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John Marshall and the Constitution
Corwin

Page 1 of 265


JOHN MARSHALL AND THE CONSTITUTION 

CHAPTER I.  The Establishment Of The National Judiciary 

The monarch of ancient times mingled the functions of priest and
judge.  It is therefore not altogether surprising that even today
a judicial system should be stamped with a certain resemblance to
an ecclesiastical hierarchy.  If the Church of the Middle Ages was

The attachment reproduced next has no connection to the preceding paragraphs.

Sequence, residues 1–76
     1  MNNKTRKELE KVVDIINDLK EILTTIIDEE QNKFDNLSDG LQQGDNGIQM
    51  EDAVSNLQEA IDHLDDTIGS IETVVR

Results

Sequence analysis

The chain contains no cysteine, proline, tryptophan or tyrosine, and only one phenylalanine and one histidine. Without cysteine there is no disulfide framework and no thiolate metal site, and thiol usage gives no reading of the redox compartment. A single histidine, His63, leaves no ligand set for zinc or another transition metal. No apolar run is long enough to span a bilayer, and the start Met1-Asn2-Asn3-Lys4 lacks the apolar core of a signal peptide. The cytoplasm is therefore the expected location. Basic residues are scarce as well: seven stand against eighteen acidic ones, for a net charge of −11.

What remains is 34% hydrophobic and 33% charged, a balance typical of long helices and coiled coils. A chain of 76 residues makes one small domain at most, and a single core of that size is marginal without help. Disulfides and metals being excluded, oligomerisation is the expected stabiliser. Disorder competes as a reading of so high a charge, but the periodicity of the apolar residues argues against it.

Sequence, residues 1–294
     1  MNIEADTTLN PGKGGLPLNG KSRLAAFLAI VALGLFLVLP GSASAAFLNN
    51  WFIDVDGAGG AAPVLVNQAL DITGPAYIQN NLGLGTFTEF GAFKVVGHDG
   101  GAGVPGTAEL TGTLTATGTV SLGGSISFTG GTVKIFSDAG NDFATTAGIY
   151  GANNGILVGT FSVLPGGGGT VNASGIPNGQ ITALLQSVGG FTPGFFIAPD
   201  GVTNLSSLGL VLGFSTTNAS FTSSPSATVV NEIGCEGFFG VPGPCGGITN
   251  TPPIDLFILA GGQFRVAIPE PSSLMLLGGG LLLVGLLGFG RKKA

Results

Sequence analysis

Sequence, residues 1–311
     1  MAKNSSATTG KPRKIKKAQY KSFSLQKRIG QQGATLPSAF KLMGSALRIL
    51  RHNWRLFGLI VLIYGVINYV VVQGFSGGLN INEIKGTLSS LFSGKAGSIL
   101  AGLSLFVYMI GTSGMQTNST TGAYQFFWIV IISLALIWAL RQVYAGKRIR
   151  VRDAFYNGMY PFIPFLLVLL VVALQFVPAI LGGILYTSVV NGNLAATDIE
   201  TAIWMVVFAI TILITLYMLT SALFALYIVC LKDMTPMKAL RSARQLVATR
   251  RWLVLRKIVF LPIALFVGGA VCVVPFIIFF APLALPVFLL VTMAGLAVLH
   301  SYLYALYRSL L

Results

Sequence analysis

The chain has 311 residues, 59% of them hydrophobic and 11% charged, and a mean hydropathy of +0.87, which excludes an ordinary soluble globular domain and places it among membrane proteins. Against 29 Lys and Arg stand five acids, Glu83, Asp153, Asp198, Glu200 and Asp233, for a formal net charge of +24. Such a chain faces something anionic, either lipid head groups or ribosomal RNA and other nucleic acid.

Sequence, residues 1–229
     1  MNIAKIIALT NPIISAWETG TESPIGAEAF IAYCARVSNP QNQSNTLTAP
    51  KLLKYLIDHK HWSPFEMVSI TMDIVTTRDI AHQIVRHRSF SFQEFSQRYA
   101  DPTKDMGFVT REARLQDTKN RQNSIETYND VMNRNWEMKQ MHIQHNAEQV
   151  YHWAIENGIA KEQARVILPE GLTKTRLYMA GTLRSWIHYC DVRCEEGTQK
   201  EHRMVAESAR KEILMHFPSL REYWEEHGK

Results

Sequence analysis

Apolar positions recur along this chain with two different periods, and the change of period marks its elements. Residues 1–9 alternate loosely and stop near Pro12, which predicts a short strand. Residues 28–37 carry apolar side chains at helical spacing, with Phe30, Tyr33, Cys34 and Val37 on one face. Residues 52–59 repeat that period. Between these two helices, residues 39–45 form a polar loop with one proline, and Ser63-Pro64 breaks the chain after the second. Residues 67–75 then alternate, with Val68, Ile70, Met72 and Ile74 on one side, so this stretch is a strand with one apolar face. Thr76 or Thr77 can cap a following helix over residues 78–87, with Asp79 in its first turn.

"an army encamped on the soil of Christendom, with its outposts
everywhere, subject to the most efficient discipline, animated
with a common purpose, every soldier panoplied with inviolability
and armed with the tremendous weapons which slew the soul," the
same words, slightly varied, may be applied to the Federal
Judiciary created by the American Constitution.  The Judiciary of
the United States, though numerically not a large body, reaches
through its process every part of the nation; its ascendancy is
primarily a moral one; it is kept in conformity with final
authority by the machinery of appeal; it is "animated with a
common purpose"; its members are "panoplied" with what is

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